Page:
Review: Shane MacGowan's birthday bash a fitting tribute to a great of Irish music
REVIEW: Shane MacGowan's 60th Birthday Celebration, The National Concert Hall, Dublin
SHANE MacGowan's star-studded 60th birthday celebration at the National Concert Hall got off to a rollicking start on Monday night when New York rocker Jesse Malin, Sex Pistol Glen Matlock, original Pogue Spider Stacy and Blondie drummer Clem Burke performed a spiky set of punk-flavoured MacGowan classics.
The early highlight – That Woman Got Me Drinking – saw Malin almost raise the roof. Pictures of a young MacGowan flashed across the back of the stage in black and white, bringing with them an evocative reminder of The Pogues at their peak.
Dublin favourite Damien Dempsey was given a rapturous welcome before a gallop through Streams of Whiskey, which helped further to set the tone of a night organised to lift the spirits of much-loved singer MacGowan, who lost his mother in a car crash just over a year ago.
When the MC, Enniskillen writer and broadcaster John Kelly, introduced The Broad Majestic Shannon as "flowing into Limerick", dedicating it to Dolores O'Riordan, it was clear some fans had not heard the news of her tragic passing earlier in the day and were left visibly shocked. Radio presenter and ex-Catatonia front woman Cerys Matthews brought her rich Welsh tones to the song, which suited her well.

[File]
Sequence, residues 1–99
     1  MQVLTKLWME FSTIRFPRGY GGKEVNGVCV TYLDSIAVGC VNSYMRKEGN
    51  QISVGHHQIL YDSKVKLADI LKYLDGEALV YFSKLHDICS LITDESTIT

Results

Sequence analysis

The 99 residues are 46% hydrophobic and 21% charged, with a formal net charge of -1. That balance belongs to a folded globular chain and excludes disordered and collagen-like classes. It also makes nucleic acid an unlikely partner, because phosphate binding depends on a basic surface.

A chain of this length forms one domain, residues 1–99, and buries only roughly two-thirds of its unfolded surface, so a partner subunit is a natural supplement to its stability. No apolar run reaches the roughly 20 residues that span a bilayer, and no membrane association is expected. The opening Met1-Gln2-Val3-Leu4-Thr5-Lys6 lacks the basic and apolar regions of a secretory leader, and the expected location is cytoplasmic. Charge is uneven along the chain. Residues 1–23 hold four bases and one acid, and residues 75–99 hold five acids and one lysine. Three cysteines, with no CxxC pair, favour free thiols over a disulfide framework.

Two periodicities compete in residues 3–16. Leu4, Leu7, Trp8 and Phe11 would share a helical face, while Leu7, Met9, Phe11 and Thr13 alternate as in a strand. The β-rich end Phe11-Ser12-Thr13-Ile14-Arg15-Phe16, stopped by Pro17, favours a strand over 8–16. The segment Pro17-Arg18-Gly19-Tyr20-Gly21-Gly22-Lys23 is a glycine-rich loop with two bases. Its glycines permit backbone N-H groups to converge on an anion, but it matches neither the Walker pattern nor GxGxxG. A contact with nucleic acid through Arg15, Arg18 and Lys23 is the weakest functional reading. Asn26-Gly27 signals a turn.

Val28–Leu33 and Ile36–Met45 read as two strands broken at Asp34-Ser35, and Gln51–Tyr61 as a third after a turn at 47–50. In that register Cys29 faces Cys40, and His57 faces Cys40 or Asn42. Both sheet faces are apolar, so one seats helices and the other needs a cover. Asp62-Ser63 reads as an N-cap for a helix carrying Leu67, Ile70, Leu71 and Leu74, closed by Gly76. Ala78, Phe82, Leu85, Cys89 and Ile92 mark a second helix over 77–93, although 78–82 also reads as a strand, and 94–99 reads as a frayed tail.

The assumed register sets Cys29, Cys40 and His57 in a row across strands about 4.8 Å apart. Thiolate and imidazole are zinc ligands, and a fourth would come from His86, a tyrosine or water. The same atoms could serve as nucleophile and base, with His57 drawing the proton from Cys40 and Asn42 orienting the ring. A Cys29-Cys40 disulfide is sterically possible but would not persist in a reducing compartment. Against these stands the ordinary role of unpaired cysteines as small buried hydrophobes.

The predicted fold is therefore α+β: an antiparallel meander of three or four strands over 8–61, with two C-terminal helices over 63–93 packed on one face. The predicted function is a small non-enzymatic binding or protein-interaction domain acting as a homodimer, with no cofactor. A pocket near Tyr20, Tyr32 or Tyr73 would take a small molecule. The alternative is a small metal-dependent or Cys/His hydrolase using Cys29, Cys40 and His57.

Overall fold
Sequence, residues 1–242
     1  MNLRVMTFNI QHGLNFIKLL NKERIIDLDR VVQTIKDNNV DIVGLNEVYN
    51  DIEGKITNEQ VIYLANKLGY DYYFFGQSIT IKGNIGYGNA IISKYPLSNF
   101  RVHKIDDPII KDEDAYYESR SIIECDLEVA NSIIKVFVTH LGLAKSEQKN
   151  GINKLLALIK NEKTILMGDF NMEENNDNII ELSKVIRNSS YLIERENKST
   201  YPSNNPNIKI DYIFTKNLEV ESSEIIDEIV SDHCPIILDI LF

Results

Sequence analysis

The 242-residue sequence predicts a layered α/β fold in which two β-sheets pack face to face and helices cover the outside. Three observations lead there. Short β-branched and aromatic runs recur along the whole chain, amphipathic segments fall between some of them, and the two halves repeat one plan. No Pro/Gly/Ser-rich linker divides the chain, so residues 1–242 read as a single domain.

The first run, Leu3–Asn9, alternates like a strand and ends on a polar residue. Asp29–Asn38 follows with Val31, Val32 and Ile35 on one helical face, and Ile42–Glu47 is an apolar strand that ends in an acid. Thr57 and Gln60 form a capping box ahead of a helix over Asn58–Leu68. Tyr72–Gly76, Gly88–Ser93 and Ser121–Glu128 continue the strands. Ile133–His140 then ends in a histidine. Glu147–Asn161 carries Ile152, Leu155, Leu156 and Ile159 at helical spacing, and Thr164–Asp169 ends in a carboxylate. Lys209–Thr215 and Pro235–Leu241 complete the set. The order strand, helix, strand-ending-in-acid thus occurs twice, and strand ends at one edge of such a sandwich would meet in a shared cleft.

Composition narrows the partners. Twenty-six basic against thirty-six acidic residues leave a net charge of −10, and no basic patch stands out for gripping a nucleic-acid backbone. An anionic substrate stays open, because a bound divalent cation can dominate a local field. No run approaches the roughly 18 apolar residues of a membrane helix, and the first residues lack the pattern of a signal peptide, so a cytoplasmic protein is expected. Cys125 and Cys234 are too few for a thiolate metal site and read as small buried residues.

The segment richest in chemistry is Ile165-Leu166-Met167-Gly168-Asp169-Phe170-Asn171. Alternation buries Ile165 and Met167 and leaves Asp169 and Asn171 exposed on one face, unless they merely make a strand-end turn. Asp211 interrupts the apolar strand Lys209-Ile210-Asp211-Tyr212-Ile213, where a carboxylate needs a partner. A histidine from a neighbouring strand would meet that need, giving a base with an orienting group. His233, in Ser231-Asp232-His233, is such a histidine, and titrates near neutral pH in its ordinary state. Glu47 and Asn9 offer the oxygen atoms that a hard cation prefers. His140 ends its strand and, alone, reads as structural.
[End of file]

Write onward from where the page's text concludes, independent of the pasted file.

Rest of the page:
The house band, featuring the likes of Steve Wickham of The Waterboys on fiddle and Sharon Shannon on accordion, as well as Pogues Cait O Riordan, Jem Finer and Terry Woods, was something of a super group who more than captured the authentic sound of The Pogues in their finest moments.
Perhaps there have never been so many Irish legends under one roof and it's fair to say that Finbar Furey's beautiful, romantic version of Kitty almost brought the house down in tears – despite the sense of joy, it was very much an evening wrapped in melancholy.
That was bolstered further when Sinead O'Connor appeared at the start of the second set, without fanfare but to warm applause, to perform the haunting ballad You're The One.
Scottish rocker and Primal Scream frontman Bobby Gillespie's palms brushed the air as he took on Pogues classic A Pair of Brown Eyes. Giving it the Screamadelica treatment, it sounded like it could have fitted on his band's classic album and it proved to be a highlight for long-time MacGowan manager Joey Cashman.
U2 frontman Bono looked humbled to be there despite being one of the biggest stars of the night; he was joined on guitar by movie star Johnny Depp, looking every inch the rock-god. The pair's chemistry was clear during A Rainy Night In Soho. Bono's vocal was spot-on and he, along with Depp, left the audience covered in stardust.
The imitable Nick Cave was given the gift of performing with the birthday boy for a mesmerising Summer In Siam. Although in a wheelchair, Shane's voice was intact and this dynamic pair, who first got together in the 90s to perform What A Wonderful World, left us with another wondrous moment to cherish.
Shane finished the night with the traditional ballad Wild Mountain Thyme before being presented with a lifetime achievement award by President Michael D Higgins as the galaxy of stars filled the stage to take a bow.
It's hard to imagine so many heavyweights of the arts and politics in one room but they filled it for one of Ireland's most influential and much-loved talents. The words legend and genius are overused daily but in MacGowan's case they are utterly appropriate.